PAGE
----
Posts Tagged ‘winter fly fishing’

Piggly Wiggly Imitator – Fly Tying Video

Tungsten nymphs are superior in most fly fishing situations. The Piggly Wiggly Imitator is no exception. The pink anodized bead, and the pink rib work together to attract trout year round.

On a cold January afternoon Kohler and I were fishing the lower Provo and having a tough time sticking fish. We were filling through our boxes and trying fly after fly for a few hours without much success. Toward the end of our allotted time to fish Kohler pulled out a fly that neither of us had ever fished, an unnamed jig style nymph with an anodized pink tungsten bead. For the next 30 minutes the fly was rarely found outside a fishes mouth. As for the name of the fly, well for about a year it remained without a name, but eventually the name Piggly Wiggly stuck… not sure where it came from, but it stuck ūüėČ

Below is a quick film from that day on the Provo when the Piggly Wiggly came to be.

This is one of the quickest and easiest flies to tie. It also fishes well with a gold bead and a gold rib (essentially a gold ribbed hare’s ear).¬†As jig hooks continue to gain popularity, especially amongst competition fly fishermen, it can be difficult to find quality jig hooks. This pattern is tied on a Fulling Mill Hook, but any jig hook in which you are confident will suffice. These hooks are tough and durable, and Kohler and I are very confident in their quality. Take just a few minutes, tie up a handful and give them a shot.

Piggly Wiggly Fly Pattern

Hook: Fulling Mill Jig Hook – Size 14-16
Thread: Uni 8/0 Camel
Bead: Slotted Tungsten – Anodized Pink
Tail: CDC Natural
Body: Natural Squirrel
Rib: Pink Sulky Ribbon (from your local craft store)

Winter Elements Video- Successful Winter Flies Proven

In our Cold Weather Fly Fishing post I gave a few ideas on how to catch more trout during winter conditions. To validate these ideas Derek and I hit up one of our favorite stretches of the Provo River. As many people know fly fishing the Provo River can be very rewarding. I put together this video which show how a typical snowy winter day can be full of fish and enjoyment. Check it out above.
Pink Beaded Hare's Ear

Turns out that the flies that produced the most fish for us were a pink anodized beaded Hare’s Ear, and not surprisingly a¬†Pink Rainbow Warrior¬†as suggested by Devin at The Tactical Fly Fisherman. The Hare’s Ear we fished is as simple as a small CDC tail, squirrel dubbing for the body, pink wire (I would ¬†confidently substitute this with silver wire as well), and a pink anodized bead. It was also tied on a jig hook which we are finding more and more success with these days.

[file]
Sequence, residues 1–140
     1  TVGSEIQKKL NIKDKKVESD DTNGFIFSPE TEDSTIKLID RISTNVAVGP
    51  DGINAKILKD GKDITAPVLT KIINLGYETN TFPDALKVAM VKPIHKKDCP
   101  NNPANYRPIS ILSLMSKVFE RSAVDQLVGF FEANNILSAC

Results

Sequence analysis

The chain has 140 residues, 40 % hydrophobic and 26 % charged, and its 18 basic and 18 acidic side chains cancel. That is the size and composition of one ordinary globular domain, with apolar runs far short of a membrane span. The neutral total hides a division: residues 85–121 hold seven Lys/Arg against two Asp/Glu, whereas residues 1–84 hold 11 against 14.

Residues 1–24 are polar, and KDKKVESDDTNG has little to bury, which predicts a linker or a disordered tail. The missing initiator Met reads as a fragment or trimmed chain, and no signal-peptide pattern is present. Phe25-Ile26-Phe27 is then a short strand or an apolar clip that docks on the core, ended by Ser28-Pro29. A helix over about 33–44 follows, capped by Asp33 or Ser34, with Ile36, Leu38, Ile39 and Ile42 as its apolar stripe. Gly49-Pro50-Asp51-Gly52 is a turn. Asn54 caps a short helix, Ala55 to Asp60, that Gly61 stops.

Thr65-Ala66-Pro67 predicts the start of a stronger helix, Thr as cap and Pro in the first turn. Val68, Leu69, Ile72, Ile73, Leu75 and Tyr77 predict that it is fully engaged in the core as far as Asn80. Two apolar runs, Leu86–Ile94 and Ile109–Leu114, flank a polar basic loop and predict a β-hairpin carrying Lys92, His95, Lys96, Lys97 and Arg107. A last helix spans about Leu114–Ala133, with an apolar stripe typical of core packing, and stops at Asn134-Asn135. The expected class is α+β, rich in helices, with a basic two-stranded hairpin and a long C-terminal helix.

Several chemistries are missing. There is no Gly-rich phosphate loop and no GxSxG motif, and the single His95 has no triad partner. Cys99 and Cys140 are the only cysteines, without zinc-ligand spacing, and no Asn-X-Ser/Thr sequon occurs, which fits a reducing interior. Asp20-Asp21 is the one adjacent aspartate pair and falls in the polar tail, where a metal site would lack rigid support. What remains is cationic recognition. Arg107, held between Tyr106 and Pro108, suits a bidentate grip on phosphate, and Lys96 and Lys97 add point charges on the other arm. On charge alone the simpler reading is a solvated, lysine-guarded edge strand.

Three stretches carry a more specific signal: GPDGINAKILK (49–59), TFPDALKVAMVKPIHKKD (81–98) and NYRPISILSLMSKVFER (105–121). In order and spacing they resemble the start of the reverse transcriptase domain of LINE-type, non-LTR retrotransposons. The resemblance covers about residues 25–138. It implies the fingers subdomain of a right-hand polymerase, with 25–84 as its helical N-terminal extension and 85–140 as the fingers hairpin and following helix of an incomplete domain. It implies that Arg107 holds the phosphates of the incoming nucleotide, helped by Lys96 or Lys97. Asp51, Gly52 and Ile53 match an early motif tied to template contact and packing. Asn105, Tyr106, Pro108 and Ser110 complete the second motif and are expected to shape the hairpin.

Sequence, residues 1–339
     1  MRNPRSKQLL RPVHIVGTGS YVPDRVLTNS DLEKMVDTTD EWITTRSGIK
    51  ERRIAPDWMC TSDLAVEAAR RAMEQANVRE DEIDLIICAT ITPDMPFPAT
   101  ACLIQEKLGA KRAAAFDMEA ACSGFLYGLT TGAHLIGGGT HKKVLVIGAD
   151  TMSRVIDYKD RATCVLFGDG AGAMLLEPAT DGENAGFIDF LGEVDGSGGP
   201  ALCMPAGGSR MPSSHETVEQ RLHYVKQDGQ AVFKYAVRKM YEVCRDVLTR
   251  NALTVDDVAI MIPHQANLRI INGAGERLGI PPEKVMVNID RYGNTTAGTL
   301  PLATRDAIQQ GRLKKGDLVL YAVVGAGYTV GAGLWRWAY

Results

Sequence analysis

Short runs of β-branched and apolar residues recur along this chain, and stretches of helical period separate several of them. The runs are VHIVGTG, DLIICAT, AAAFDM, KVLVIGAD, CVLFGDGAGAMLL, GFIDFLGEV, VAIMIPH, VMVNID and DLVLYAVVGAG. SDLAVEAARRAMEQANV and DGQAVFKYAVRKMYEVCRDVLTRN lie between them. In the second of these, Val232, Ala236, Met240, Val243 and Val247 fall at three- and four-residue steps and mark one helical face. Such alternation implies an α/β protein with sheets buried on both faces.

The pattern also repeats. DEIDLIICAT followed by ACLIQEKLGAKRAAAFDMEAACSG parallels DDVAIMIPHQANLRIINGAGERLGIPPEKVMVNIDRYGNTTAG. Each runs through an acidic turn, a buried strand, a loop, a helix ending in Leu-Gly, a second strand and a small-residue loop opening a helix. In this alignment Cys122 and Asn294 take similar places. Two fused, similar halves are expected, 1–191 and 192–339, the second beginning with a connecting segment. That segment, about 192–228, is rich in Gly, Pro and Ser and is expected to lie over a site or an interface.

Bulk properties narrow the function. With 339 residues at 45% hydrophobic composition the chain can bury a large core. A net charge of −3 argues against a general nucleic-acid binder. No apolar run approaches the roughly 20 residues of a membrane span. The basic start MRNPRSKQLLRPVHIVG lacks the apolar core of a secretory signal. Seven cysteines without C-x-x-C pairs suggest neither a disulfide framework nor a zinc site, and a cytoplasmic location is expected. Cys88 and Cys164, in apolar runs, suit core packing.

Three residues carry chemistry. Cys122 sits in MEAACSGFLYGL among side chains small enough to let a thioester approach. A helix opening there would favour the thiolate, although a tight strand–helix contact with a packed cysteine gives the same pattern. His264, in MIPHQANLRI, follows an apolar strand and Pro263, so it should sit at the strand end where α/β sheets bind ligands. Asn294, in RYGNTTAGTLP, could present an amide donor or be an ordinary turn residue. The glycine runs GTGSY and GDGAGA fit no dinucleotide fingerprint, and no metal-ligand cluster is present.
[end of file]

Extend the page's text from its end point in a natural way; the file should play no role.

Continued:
I hope that everyone is finding ways to spend this winter both at the tying table, and on the river. However, if you are still not convinced about wading in a cold river while it’s snowing, at least enjoy our video while you think about the warmer days of spring which are sure to coming.

 

Euro Nymphing Guide Trip

Provo River Brown TroutThere are certain times of year that you expect to receive guide trip inquiries from out of towners. For instance, around the fourth of July (give or take a week or two) the green drake hatch is in full swing on the middle Provo and any guide would expect to have a lot of interested potential clients knocking at ones door. Conversely, the middle of January is down right slow here in Utah with regards to guiding. It’s not that the fishing is bad because it isn’t. I’m confident its because most people who come to Utah when the ground is white and frozen are here to play in the “greatest snow on earth”. It makes sense. I think that’s why I was a little surprised when I was asked to take a couple fishermen out on a “Euro Nymphing” specific guide trip. I quickly became enthused at the idea of teaching my preferred technique to a couple of strangers from Nebraska.

Euro Nymphing SighterIf you are not familiar with Euro Nymphing, it is a tight line technique that puts you directly in touch with fish that eat your nymphs. I’m not going to go into specifics here, but it is hands down the most deadly nymphing technique I have found for most subsurface situations. For a great crash course in Euro Nymphing you can check out my buddies blog at The Tactical Fly Fisherman.

Euro Nymphing Guide TripDerek and I were both open that day, so he came along to help out and spend some time on the river. Our two clients were both capable fisherman who quickly picked up on the technique.

Lickety Split and Prince KohlerBeing that we were throwing to semi-lethargic trout in cold mountain water we switched up flies quite a bit to find the right combination that would produce the most fish. Turns out the Lickety Split (PMD), and the Prince Kohler out produced our other patterns. Click on these links for fly tying videos on these two great patterns. Both of these nymph patterns catch fish throughout the year. I highly recommend tying them up and trying them out. Odds are they will find a permanent home in your nymph box.

Provo River Guide TripDespite fishing in the middle of the winter, we were able to pass along a valuable technique to our new friends, and hook into a handful of beautiful trout. I can’t think of a better way to spend an afternoon outdoors in the middle of January here in Utah. Maybe that’s because I don’t ski/snowboard? Either way, I wouldn’t trade a day to play in the frozen stuff when I have the flowing stuff to entertain me. Tight lines out there!

 

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